In an interview, Phelan said that while Hurckes may have been able to secure some money for the village, his politicization of his connections with Lipinski have led many in the village to believe he uses his employment with Lipinski and the federal funds he claims to control to benefit him politically. Hurckes “uses that to his advantage and to our disadvantage,” Phelan said.

Unlike his fellow trustees — several of whom do not operate formal campaign committees, according to state data — Hurckes has taken a professional approach to his political career, and the Lipinskis have been one of his patrons over his nearly decade-long career in office.

According to state campaign finance records, both Lipinskis, their campaign committees and Bill Lipinski’s nonprofit “Bill Lipinski’s All-American Eagles” have been among his top campaign contributors.

Their campaign committees and All-American Eagles have contributed $14,040 to Friends of Jerry Hurckes. They also have paid Hurckes $17,076 for working on their campaigns and as a political consultant, either in direct payments to him or through his consulting firm Hurk Communications.

Hurckes’ staff salary was $107,224 in 2006, just under the level at which rules would come into play restricting outside income. As a result, he could continue his outside consulting.

Hurckes’ campaign finance reports also show that he has taken in thousands in campaign contributions from national entities with business before the House Transportation and Infrastructure Committee, on which both Lipinskis have been members, and in many cases have also donated to one or both of the Congressmen. Donors to Hurckes include UPS, CSX, BNSF and DMJM Harris Inc., a transportation consulting firm.

It is not unusual for large national companies to be involved in local elections, though generally villages as small as Oak Lawn rarely see such political contributions, particularly if companies do not have business interests there.

UPS spokesman Malcolm Berkley declined to specify why the company’s political action committee targeted Hurckes, saying the company has long sought “to support candidates who share our views on business.”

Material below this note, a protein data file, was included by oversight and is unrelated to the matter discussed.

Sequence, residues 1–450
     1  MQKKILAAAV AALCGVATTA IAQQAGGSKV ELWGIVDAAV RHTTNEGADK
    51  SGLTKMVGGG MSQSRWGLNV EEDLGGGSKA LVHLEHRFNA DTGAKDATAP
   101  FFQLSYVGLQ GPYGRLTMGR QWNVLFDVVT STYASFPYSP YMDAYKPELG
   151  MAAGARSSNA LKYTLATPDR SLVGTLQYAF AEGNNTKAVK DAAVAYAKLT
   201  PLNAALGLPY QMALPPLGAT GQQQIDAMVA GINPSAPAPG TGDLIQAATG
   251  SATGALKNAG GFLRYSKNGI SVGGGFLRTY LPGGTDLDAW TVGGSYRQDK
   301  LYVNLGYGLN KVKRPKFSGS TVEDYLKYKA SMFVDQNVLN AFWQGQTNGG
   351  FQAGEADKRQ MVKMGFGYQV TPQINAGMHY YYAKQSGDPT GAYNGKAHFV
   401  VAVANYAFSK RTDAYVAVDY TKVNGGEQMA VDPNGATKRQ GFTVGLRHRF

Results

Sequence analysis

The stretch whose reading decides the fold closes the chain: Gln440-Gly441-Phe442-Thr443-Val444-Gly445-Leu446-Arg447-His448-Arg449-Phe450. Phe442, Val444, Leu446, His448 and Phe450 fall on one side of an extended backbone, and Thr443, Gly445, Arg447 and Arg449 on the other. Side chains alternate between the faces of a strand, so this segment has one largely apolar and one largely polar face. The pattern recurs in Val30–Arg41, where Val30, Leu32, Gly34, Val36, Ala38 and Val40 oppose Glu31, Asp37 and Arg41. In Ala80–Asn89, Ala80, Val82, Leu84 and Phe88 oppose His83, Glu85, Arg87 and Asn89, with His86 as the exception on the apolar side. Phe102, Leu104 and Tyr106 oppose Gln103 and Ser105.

Baran said there are no rules against Hurckes raising campaign cash from either his employers or companies that have business before Lipinski’s committee, noting “that is the same situation that Rep. Lipinski finds himself in” when raising funds from these and other entities.

Baran said Hurckes’ claims that he has acted as an advocate for Oak Lawn in his capacity as Lipinski’s chief of staff “does raise questions under the ethics booklet,” including the prohibition against the mixing of the two roles to ensure the distinctions are clear in the public’s mind.

Although House ethics rules and federal law do not prohibit aides from holding elected office, the chamber’s ethics manual warns that “staff should take care, however, to avoid any undertaking that is inconsistent with congressional responsibilities. … In dealing with the public, staff who serve as local officials should always make clear in which capacity they are acting. They should discourage any suggestion that their local constituents will receive special treatment from the congressional office, beyond that received by other residents of the congressional district.”

Additionally, the rules prohibit staff who hold elected office from neglecting their Congressional duties, or from using government resources such as office space, their time on the job or even phones, in their capacity as an elected official.

“Employees who run for or hold local office may not do so to the neglect of congressional duties, nor on ‘official time’ for they receive Government salary. No local elective service may be performed in the congressional office or in a manner that utilizes any official resources, including the telephones,” the rule book says.

Baran said this provision also could prove problematic for Hurckes since it would be difficult for him to have secured federal funding without using his office resources. “I don’t know how you’d be able to obtain earmarks without using House office space,” Baran said.

Baran said there is little in the way of precedent to judge Hurckes’ actions. “I just have never heard of a situation where a Congressional employee is also an elected official … and is asserting he or she is providing special favors” for their constituents, Baran said.